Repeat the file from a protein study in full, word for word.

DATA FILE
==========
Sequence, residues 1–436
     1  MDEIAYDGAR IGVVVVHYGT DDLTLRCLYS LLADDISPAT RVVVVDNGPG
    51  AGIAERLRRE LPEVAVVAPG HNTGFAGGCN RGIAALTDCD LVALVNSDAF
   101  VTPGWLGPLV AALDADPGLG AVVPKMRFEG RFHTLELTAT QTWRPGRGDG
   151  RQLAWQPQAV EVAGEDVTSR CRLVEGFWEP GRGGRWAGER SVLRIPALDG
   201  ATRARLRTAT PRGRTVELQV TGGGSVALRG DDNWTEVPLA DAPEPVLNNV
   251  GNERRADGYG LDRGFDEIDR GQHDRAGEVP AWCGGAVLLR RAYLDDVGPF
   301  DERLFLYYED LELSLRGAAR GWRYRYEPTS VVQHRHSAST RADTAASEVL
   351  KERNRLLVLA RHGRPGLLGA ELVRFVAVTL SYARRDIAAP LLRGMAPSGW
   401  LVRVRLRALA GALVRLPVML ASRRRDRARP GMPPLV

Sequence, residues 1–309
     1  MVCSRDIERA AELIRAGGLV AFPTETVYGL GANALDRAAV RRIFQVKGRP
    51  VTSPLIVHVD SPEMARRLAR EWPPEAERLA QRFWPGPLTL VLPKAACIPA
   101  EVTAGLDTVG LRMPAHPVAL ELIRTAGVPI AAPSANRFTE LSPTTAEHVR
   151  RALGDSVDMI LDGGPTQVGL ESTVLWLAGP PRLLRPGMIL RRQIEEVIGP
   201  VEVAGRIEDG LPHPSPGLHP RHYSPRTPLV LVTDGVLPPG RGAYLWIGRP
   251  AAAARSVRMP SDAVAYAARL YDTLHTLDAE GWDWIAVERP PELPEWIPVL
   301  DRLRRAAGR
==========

Sequence, residues 1–436
     1  MDEIAYDGAR IGVVVVHYGT DDLTLRCLYS LLADDISPAT RVVVVDNGPG
    51  AGIAERLRRE LPEVAVVAPG HNTGFAGGCN RGIAALTDCD LVALVNSDAF
   101  VTPGWLGPLV AALDADPGLG AVVPKMRFEG RFHTLELTAT QTWRPGRGDG
   151  RQLAWQPQAV EVAGEDVTSR CRLVEGFWEP GRGGRWAGER SVLRIPALDG
   201  ATRARLRTAT PRGRTVELQV TGGGSVALRG DDNWTEVPLA DAPEPVLNNV
   251  GNERRADGYG LDRGFDEIDR GQHDRAGEVP AWCGGAVLLR RAYLDDVGPF
   301  DERLFLYYED LELSLRGAAR GWRYRYEPTS VVQHRHSAST RADTAASEVL
   351  KERNRLLVLA RHGRPGLLGA ELVRFVAVTL SYARRDIAAP LLRGMAPSGW
   401  LVRVRLRALA GALVRLPVML ASRRRDRARP GMPPLV

Sequence, residues 1–309
     1  MVCSRDIERA AELIRAGGLV AFPTETVYGL GANALDRAAV RRIFQVKGRP
    51  VTSPLIVHVD SPEMARRLAR EWPPEAERLA QRFWPGPLTL VLPKAACIPA
   101  EVTAGLDTVG LRMPAHPVAL ELIRTAGVPI AAPSANRFTE LSPTTAEHVR
   151  RALGDSVDMI LDGGPTQVGL ESTVLWLAGP PRLLRPGMIL RRQIEEVIGP
   201  VEVAGRIEDG LPHPSPGLHP RHYSPRTPLV LVTDGVLPPG RGAYLWIGRP
   251  AAAARSVRMP SDAVAYAARL YDTLHTLDAE GWDWIAVERP PELPEWIPVL
   301  DRLRRAAGR